Great Britain has run for a new record of 18 days, six hours and 15 minutes without burning coal to generate electricity – and counting – as the coronavirus lockdown cuts demand by nearly 20%. This combination means CO2 emissions from the country’s electricity system have been cut by a third during the coal-free stretch relative to the same period last year, Carbon Brief analysis shows. ✍️@carbonbrief ???? Ian Wray / Alamy Stock Photo
The rest of Carbon Briefs story goes on to report…
During the record-breaking period, demand has been 18% lower than last year, as businesses around the country are closed due to the coronavirus response.
Renewables have been the largest source of electricity, supplying 37%, with another 32% from gas and 22% from nuclear. The remaining 9% has been imported from France, Belgium and the Netherlands.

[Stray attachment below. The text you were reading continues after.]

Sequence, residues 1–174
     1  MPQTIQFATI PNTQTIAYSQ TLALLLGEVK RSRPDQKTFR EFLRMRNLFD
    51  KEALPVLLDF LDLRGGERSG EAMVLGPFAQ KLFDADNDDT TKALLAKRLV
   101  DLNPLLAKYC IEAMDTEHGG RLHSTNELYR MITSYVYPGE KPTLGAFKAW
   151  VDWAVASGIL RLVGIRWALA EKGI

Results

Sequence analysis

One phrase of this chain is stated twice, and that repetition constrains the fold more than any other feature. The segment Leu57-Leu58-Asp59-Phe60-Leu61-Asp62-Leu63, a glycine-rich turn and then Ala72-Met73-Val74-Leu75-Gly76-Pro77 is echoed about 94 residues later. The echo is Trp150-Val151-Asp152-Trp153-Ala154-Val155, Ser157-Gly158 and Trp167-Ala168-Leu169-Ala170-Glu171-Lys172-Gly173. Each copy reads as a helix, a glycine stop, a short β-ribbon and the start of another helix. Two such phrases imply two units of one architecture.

The figures are in stark contrast to 2012 – the earliest available detailed data – when coal supplied some 43% of the total for Great Britain, another 26% was from gas and just 7% was from renewables.
Read more at @CarbonBrief
#coolonclimatechange #powuk #protectourwinters #winterneedsus #climateemergency #ActOnClimate #ClimateAction #Cryosphere #climatechange #globalwarming #climatecrisis #renewables #environmentalist #globalwarmingisreal #renewableenergy #stopclimatechaos #netzero #snowboard #ski